The student was wary of taking decongestants of any kind and had resigned herself to suffering through the next 4 months of her pregnancy with terrible congestion. I encouraged her to try using a neti pot. I have used a neti pot for the past few years on almost a daily basis. Not only has it been hugely effective in treating my seasonal allergies but also in helping to prevent illness.  The neti gently washes the sinus and nasal cavities, rinsing out germs and other pathogens. The salt in the water also helps to reduce the inflammation and swelling in the tissues, helping to reduce the symptoms associated with Rhinitis.

This practice is highly effective for pregnant women who do not want to ingest any kind of medications and becomes a great daily practice to take into child rearing years when children expose their parents to many germs and viruses.

Personally I recommend a ceramic or steel neti pot as opposed to plastic and encourage students to use non-iodized sea salt (or purchase the neti washes they have available).

If you’re interested in exploring a neti pot for yourself you can generally purchase one at your local health food or herbal store or can order them on line.  For a video by the Himalayan Institute on how to use a neti pot please visit here.

Eating for the Seasons: Fall Soup

In Ayurveda, we talk about the importance of eating for the seasons.  In summer you eat cooling foods to bring down the internal body temperature and in fall and winter you seek out more warming foods to help keep your internal heat up.  I find that as soon as fall rolls around I am ready to eat soups every day, which has lead me to get creative in the kitchen.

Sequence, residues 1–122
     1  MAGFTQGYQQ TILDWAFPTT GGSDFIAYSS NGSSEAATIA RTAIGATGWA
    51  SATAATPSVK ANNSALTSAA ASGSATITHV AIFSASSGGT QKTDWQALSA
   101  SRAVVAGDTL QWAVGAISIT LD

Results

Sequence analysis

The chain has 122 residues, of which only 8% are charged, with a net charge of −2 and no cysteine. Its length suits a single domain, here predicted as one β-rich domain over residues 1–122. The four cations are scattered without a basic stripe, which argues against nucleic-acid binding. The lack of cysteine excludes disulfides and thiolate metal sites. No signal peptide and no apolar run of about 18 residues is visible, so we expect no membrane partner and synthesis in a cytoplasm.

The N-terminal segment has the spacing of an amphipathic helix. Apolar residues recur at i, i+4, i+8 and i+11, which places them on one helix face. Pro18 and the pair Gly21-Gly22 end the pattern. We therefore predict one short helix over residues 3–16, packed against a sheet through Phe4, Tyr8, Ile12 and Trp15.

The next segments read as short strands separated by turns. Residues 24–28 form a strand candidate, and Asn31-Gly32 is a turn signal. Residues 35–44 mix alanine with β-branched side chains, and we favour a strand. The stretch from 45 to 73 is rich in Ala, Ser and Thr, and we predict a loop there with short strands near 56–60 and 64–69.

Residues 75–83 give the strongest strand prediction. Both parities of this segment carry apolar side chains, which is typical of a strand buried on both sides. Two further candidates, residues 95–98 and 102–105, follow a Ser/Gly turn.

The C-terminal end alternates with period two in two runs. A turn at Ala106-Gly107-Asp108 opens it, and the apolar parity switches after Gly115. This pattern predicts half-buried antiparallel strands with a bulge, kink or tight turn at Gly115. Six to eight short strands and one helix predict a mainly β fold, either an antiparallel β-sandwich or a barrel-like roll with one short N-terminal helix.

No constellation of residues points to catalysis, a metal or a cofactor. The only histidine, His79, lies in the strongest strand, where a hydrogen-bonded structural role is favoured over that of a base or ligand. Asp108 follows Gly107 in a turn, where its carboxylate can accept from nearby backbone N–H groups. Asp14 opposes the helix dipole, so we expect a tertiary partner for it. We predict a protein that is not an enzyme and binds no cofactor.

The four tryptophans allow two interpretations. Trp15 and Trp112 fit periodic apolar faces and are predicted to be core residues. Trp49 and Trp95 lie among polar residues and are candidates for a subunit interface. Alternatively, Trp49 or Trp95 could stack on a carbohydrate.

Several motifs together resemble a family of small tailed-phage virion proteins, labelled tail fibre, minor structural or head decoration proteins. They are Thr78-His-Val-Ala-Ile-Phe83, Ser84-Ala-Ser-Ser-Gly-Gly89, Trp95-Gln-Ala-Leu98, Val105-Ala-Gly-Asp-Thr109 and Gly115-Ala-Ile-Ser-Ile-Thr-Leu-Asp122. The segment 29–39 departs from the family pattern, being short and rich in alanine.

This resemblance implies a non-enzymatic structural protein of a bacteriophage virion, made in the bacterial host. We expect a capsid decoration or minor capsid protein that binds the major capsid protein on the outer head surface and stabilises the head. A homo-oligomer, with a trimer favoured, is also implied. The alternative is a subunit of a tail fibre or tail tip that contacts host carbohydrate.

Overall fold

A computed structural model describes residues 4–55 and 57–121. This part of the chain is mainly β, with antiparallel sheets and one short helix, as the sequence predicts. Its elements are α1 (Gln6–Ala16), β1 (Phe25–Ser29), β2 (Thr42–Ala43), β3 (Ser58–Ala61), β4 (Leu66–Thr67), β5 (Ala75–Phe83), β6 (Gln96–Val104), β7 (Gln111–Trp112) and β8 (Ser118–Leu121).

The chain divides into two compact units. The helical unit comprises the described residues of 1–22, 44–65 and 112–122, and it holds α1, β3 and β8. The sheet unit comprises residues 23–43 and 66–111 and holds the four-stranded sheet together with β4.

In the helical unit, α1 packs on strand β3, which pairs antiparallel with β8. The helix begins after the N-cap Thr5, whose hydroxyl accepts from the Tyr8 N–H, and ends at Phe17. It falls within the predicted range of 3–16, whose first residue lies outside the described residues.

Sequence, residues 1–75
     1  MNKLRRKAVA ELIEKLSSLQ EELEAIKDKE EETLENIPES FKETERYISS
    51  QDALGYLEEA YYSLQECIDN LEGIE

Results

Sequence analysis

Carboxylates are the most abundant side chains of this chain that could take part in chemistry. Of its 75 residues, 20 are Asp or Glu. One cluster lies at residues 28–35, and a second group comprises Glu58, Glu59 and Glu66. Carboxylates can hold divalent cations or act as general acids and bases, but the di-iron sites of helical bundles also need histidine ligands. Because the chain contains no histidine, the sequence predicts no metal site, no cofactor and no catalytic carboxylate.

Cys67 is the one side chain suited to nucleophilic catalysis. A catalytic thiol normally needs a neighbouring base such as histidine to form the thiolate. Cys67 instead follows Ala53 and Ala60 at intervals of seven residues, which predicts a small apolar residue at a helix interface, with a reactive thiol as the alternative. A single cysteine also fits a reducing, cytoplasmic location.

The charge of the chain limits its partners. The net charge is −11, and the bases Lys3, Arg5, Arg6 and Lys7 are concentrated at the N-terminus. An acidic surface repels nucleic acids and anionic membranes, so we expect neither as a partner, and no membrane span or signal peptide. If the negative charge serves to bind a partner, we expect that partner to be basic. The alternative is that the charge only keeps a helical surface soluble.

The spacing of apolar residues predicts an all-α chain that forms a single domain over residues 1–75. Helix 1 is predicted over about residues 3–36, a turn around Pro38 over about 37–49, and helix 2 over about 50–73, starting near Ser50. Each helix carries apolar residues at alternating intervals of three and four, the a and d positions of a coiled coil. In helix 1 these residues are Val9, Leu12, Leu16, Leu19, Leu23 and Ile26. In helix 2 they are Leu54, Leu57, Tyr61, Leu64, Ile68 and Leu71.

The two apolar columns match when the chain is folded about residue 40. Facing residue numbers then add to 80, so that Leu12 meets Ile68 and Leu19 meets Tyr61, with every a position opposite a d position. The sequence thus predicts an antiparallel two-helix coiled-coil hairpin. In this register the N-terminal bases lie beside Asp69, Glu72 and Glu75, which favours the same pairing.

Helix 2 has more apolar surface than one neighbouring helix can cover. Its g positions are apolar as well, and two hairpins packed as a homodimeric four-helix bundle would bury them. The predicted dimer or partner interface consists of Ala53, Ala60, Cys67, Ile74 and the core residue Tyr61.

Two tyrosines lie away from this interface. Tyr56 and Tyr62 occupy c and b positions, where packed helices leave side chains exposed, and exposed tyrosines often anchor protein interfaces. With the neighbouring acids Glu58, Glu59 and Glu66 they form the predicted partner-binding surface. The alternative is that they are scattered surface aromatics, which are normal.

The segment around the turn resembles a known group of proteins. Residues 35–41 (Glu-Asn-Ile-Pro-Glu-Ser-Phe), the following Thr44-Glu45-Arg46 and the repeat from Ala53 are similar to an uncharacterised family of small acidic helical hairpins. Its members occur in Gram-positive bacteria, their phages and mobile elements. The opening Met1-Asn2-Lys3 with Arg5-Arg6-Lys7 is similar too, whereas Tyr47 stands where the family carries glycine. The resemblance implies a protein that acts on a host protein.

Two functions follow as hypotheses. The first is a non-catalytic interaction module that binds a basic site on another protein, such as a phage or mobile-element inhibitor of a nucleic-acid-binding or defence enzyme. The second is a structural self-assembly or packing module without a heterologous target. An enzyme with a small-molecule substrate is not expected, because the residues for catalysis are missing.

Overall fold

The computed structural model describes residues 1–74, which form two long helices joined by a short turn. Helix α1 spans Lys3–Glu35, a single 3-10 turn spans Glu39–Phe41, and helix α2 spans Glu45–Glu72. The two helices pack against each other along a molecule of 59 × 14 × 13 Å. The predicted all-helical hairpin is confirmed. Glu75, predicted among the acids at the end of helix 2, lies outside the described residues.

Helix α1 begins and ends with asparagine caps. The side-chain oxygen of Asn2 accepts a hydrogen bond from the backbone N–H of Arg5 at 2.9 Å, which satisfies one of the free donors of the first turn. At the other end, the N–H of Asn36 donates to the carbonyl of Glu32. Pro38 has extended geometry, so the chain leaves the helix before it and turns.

One of my favorite recipes is a curry lentil soup I developed a few years ago. It is super yummy, easy to make, and for those on a budget also quite affordable. This soup warms you up, fills you up and also makes great leftovers. I often take it to work for days after and will often add cooked rice the day after to make for a slightly different taste and consistency.

And just in case you were wondering about the health benefits…here’s an article in which researchers have linked curry to helping fight cancer.

So, here is the recipe. Have fun, enjoy, and if you’re super fiery (Pitta), I recommend leaving out the cayenne:

Megan’s Curry Lentil Tomato Soup
1 small to medium sized onion diced
4-5 garlic gloves diced
2 TBSP curry powder
2 TBSP oil (I use grapeseed, but you can use almost any mellow flavored oil)
1 large potato diced
3 carrots chopped
1 cup red lentils
5 cups veggie broth
1 large can diced tomatoes (I like the fire-roasted ones, they add flavor)
salt & pepper to taste
dash of cayenne if you want some spice

Chop onions and saute in oil for 8 minutes, until soft. Chop and add garlic, saute another 2 minutes. Add curry powder and a dash of salt. Saute 1-2 minutes. Chop and add potatoes and carrots, saute another 1-2 minutes. Then add 5 cups of broth and lentils. Bring to a boil and then simmer approximately 20 minutes or until veggies and lentils are soft.  Add can of tomatoes including the liquid in the can. Add salt and pepper to taste and a dash of cayenne if you like. Simmer another 5-10 minutes.